The first of these antiques were collected by Habsburgs of the Vienna Court and in recent times the Museum has been acquiring them.
The highlights of this section include The Gemma Augustea, golden treasure of Nagyszentmiklós, Brygos Cup, Votive Statue of a Man from Cyprus, Amazonian Sarcophagus etc.
5. The Coin Collection
Kunsthistorisches Museum’s Coin Collection is one of the five largest in the world and is spread over three large halls.
In this section, besides the coins, you will also find paper money, medallions, orders, etc.
The first hall takes you through the history and development of the medal from how it originated in Italy in 1400 to date.
This hall also has Austrian and European orders and medals of honour.
The second hall is dedicated to the history of money.
You get to see the journey starting from the pre-monetary forms of payment to the invention of the coin in the 7th century BC.
The third hall is reserved for special exhibitions based on unique themes.
6. The Cupola Hall
Cupola Hall is the heart of Kunsthistorisches Museum and is the architectural highlight of the building.
This hall is home to a restaurant, where tourists can catch up with the locals.
When in Cupola Hall, don’t forget to look up at the beautiful domed ceiling.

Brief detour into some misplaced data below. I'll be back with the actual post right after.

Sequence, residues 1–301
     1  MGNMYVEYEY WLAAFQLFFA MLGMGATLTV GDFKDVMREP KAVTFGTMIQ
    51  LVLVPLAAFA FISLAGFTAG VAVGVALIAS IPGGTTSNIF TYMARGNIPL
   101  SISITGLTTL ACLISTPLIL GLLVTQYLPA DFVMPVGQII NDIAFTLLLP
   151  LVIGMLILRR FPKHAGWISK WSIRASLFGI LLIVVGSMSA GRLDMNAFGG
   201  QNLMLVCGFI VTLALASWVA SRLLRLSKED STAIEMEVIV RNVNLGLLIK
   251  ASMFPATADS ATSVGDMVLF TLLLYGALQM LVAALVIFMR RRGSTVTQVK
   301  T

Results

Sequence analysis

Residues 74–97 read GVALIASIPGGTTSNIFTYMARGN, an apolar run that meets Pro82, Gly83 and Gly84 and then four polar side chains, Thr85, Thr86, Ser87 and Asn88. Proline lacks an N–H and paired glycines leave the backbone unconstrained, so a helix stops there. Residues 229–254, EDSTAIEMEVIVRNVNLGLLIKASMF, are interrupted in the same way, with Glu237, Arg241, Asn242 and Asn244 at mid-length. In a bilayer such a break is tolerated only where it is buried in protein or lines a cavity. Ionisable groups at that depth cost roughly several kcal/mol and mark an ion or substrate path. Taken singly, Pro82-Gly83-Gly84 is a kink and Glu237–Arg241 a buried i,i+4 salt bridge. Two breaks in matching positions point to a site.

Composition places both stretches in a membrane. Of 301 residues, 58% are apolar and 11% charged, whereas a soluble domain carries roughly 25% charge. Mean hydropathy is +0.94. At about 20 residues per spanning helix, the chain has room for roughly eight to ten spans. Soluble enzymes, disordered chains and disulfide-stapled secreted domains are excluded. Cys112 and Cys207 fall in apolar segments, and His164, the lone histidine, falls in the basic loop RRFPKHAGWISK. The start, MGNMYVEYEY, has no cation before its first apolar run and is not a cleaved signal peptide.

Besides these, you must not miss the Imperial Armoury, the Ephesos Museum, and the collection of ancient Musical Instruments.
Kunsthistorisches Museum map
This Museum can be a maze to a first time visitor.
Being aware of the Kunsthistorisches Museum’s floor plan can be a tremendous asset during your visit.
At the entrance, pick up the ‘Welcome leaflet’ which has a floor map marked with Museum highlights.
Or bookmark this page and get the Museum’s map to help you navigate.
Kunsthistorisches Museum audio guide
The Museum has a fantastic art collection, and it will be criminal to go around staring at the artwork not know the stories behind them.
The audio guide helps you experience the Museum at its best.
You can get the Kunsthistorisches Museum audio guide at the entrance by paying 6 Euros per person. Or 8 Euros for two.
Nine hundred of the pieces of art on display at the Museum are detailed in German, English, French and Italian.
Right now Spanish, Russian, Japanese and Korean support is available only for 120 of the Museum’s highlights.